E-bikes for Everyone – Comparisons of a Few.

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Sadly, my EZee Sprint is no more. I have given up hope of ever seeing it again. Ancient Veronika Maine dress, Geox heels, Linus Eleanor bag, Yakkay helmet.

I’ve been test riding e-bikes since my beloved EZee Sprint was stolen in January. Many people have asked me about the differences between them. And of course, which one(s) I like the best.

To clarify, an e-bike is a bicycle that has an electric motor. The motor drives either the front wheel (hub-drive) or the cranks (mid-drive) where the pedals attach. All have rechargeable batteries. I tend to charge batteries daily. It’s a good habit to get into with an e-bike. The motor stops at 25km per hour as is required by law. You power the bicycle alone after reaching this speed.

I use the e-bike primarily to commute to work. It’s especially useful in the summer here in Sydney. I can wear a dress and heels and go straight to my desk or to a meeting. No need to change clothing or have a shower because my “sweat factor” is reduced because of the boost that the motor gives me when pedalling.

What’s my personal preference? It depends upon a number of factors.  Body position and comfort are important on the bicycle. Consistency of power delivery can also vary between e-bikes. For me, the attractiveness of the e-bike directly influences how much I want to ride it. My husband Justin pointed this out to me several years ago. Lastly, as a woman with two children to feed and educate, value for money is extremely important.

I’ve tested the following e-bikes and have included motor type for ease of reference:

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Second generation EZee Sprint (hub drive)
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Lekker Bicycles – E-Jordaan (hub drive)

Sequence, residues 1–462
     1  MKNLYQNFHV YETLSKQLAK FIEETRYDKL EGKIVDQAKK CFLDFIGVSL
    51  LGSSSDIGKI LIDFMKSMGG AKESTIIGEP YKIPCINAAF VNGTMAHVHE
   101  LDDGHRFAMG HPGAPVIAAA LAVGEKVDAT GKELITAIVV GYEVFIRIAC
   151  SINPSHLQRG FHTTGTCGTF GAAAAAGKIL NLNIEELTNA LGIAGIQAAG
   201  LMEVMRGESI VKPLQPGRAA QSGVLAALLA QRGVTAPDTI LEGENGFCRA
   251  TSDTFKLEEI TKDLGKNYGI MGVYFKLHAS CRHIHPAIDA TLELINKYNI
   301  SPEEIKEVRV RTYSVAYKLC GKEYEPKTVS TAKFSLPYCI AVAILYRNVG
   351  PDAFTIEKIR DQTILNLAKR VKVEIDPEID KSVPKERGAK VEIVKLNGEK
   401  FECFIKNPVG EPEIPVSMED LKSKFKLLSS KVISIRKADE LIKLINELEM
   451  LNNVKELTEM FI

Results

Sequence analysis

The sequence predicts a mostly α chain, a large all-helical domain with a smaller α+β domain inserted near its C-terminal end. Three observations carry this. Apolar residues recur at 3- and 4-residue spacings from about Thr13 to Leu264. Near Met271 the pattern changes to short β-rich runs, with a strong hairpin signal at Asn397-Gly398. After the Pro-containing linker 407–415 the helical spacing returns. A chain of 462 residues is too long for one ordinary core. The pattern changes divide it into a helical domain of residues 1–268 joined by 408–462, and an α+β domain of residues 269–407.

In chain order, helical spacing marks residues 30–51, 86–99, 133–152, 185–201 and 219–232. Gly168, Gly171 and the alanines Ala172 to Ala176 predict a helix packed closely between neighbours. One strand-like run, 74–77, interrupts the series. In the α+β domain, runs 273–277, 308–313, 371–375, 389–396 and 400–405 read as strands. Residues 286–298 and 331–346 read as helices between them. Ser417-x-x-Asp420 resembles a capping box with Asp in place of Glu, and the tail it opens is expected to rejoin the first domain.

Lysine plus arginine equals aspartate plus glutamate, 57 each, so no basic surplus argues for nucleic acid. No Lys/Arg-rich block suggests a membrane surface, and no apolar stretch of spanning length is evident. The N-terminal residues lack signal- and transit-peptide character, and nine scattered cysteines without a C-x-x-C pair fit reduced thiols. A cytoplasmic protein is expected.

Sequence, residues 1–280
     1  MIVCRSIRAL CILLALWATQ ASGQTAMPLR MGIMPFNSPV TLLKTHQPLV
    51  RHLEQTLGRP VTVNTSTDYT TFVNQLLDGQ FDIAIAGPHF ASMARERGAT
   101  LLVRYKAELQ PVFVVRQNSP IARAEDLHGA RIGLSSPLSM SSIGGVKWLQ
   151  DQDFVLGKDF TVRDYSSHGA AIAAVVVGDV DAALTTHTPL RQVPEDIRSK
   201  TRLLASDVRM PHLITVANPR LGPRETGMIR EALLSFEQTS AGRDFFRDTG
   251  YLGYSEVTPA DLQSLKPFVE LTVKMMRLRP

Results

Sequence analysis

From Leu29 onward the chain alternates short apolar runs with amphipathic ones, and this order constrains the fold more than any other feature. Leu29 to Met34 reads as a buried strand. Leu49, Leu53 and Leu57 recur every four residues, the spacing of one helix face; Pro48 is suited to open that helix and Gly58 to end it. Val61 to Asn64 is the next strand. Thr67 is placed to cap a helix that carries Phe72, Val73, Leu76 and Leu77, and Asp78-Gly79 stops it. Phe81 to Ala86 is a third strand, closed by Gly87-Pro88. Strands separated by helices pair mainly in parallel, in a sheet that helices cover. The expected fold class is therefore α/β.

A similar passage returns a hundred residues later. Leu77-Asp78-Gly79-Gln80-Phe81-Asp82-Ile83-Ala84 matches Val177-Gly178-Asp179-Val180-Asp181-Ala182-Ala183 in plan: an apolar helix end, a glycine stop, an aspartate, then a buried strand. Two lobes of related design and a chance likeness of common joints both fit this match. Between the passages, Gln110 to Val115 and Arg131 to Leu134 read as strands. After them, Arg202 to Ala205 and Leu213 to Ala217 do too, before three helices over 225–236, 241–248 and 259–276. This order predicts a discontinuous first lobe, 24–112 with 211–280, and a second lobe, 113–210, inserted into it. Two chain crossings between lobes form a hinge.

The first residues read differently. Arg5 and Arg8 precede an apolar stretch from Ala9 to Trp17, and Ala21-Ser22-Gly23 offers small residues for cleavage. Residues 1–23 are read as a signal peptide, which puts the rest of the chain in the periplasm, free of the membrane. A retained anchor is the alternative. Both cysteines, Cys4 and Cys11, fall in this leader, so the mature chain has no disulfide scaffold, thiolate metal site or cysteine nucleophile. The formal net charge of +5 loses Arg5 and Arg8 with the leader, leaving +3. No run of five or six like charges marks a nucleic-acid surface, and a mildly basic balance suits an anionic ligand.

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Focus Aventura (mid-drive)
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Merida Espresso City (mid-drive) with DI-2
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Gazelle CityZen (mid-drive) with my son’s balance bike.
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Gazelle Orange Comfort and similar style is the Chamonix (not pictured) (mid-drive)

My preference for stance on a bicycle is sitting upright. The advantage in an upright stance is visibility and comfort. I can see and hear what is going on around me. My preference in the category of stance is the Lekker E-Jordaan. I found that the alignment of hips and shoulders to be Pilates-instructor-worthy.

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And for that reason, it’s extremely comfortable while riding. Also, the seat is wide and cushiony. Also noteworthy in this category are the Gazelles, the EZee Sprint and the Merida Espresso City. Again, my preference is for a more upright stance. However, I did find that after 3-5 days, I adapted to the “sport” stance of the Focus Aventura and the CityZen. The only thing tricky about a more forward leaning stance is the possibility of greater skirt-hem-lift. As a woman, managing this relies on the attitude of “don’t care” versus “care” with regards to the possibility of “flashing.”

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My own Gazelle CityZen which is not electric and has a more sporty stance. I am in the “don’t care” camp.

Surprisingly, consistency of power delivery is another important factor. By far, the EZee Sprint delivers the most consistent power of all the e-bikes that I have trialled. It also has a throttle. The throttle helps to close the gap between the initial downstroke and the motor kicking-in. This delay is typical of all e-bikes. The throttle is also extremely useful for hill starts, in heels or not.  Also, the EZee Sprint’s larger hub motor makes it possible to “laugh at hills” as one of my team stated at Gear Up Girl. The power delivery of the Sprint is incomparable. Consequently, after five happy years with my own Sprint, my preference is for an e-bike with a hub motor.

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With Marion who “laughs at hills” on her EZee Expedir cargo bike during Gear Up Girl.